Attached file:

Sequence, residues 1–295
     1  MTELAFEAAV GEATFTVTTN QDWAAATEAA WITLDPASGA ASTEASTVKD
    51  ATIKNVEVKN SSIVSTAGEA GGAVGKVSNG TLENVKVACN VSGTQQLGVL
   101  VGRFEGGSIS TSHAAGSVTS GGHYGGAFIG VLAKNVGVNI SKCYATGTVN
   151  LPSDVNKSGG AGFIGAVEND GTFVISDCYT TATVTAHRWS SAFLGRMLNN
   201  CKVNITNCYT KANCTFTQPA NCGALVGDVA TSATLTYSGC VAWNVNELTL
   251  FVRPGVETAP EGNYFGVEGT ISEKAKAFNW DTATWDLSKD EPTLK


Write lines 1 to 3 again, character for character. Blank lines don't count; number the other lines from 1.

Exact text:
Sequence, residues 1–295
     1  MTELAFEAAV GEATFTVTTN QDWAAATEAA WITLDPASGA ASTEASTVKD
    51  ATIKNVEVKN SSIVSTAGEA GGAVGKVSNG TLENVKVACN VSGTQQLGVL